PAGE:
Nupa thokpa is a prevalent sense of masculinity in our society. It has its certain criteria that the society has set for boys/men to attain in order to be a “real man.” If not, he must be shamed for nupa thoktaba: Not being “man enough.”
Nupa thokpa culture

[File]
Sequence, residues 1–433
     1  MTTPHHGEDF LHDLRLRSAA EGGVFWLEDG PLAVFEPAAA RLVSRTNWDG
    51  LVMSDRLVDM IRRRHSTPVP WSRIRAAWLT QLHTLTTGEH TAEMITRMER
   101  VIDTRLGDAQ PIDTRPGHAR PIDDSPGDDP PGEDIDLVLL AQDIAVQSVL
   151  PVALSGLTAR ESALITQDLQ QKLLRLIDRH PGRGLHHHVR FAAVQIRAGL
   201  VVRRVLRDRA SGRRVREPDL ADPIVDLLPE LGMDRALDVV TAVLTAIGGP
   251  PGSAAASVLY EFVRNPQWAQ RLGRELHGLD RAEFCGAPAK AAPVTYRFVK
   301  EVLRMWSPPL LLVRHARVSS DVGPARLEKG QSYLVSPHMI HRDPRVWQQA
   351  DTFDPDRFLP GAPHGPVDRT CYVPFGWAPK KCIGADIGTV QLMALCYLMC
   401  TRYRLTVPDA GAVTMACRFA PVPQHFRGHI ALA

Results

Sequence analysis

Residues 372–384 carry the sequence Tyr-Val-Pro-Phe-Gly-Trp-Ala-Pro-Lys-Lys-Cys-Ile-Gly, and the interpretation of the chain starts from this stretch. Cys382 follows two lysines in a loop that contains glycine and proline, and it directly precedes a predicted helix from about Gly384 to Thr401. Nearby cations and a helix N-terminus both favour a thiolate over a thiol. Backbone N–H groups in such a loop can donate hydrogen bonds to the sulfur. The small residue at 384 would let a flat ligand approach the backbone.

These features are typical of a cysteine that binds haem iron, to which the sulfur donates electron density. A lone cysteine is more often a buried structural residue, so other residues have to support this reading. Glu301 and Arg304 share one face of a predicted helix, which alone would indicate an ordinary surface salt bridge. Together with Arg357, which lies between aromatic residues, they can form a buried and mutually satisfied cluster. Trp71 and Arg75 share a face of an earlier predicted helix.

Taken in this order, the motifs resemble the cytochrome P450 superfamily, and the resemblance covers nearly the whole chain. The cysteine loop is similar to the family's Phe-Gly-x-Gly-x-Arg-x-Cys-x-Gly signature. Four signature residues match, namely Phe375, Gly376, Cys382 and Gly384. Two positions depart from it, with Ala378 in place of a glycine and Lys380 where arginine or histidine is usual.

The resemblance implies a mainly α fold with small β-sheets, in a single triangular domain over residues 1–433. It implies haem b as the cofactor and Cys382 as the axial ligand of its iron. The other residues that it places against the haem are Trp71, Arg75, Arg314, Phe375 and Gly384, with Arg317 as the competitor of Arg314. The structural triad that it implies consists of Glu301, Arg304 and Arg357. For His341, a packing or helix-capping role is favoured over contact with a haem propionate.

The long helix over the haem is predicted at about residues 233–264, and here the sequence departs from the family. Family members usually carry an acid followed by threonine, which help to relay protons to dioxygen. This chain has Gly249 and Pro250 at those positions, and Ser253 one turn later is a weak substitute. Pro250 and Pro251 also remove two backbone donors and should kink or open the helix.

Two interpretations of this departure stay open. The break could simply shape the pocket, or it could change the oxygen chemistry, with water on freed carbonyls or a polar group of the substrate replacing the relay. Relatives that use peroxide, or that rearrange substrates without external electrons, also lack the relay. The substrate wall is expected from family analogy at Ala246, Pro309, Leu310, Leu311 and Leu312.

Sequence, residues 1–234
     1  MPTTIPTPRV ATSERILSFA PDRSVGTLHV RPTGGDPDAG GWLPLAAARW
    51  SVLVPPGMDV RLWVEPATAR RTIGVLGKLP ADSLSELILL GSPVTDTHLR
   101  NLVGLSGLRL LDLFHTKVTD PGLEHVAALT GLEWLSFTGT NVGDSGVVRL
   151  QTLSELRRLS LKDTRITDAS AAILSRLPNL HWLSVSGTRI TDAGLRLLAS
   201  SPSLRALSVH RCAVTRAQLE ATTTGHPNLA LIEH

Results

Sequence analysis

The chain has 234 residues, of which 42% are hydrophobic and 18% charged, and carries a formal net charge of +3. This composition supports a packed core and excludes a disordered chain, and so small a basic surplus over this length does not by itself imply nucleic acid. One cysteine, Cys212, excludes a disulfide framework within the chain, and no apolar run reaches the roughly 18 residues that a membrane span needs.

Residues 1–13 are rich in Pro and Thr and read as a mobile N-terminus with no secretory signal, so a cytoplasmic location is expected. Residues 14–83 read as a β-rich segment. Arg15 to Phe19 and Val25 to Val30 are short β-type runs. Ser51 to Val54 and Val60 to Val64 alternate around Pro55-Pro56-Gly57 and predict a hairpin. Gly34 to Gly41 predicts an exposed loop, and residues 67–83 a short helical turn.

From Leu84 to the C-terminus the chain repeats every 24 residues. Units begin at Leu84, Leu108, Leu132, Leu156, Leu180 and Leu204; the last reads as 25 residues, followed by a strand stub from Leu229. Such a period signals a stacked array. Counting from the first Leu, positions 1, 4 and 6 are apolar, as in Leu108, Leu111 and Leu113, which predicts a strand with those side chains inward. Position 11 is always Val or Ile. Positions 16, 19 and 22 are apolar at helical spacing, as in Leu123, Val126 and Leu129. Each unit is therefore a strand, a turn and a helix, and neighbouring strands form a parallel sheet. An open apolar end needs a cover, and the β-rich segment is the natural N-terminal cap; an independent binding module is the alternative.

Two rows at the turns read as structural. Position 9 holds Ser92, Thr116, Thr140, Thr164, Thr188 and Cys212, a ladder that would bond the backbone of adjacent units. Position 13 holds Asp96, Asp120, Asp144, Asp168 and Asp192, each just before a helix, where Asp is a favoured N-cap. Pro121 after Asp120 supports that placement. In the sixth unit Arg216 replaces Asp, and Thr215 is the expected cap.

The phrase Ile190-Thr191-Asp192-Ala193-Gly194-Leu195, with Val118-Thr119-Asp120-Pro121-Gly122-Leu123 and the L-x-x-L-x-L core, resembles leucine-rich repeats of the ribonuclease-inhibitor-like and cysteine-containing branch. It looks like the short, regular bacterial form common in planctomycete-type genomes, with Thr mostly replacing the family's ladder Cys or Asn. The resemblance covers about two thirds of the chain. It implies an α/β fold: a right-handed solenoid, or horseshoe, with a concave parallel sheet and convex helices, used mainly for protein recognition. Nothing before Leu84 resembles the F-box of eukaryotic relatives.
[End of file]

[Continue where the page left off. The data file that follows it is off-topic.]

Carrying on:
The idea of nupa thokpa (be a man) expects men/boys to be “manly” or “man enough.” It starts from a tender age and continues forever. Nupa thokpa expects display of certain signs of strength that are oftentimes translated as masculinity. For instance, lack of emotion, sexual virility, aggression, and violence. With such expectation, every moment of vulnerability turns into a test of nupa thokpa. When a young boy cries, he is often told nupanabu kappa hounabra (boys do not cry). We seem to forget that everyone cries as one form of expressing their emotion when they are hurt or sad or angry or happy. However, a crying boy is often shamed with the idea of nupa mandaba (unmanly) and forced to internalize the toxic idea that “crying is for weak” and “men cannot be weak” and so “men don’t cry.” Here, two things need highlighting: Weak and crying. Oftentimes, we consider both behaviours as less than and associate them with women/girls. This idea stems from our assumption that men are strong and women are weak.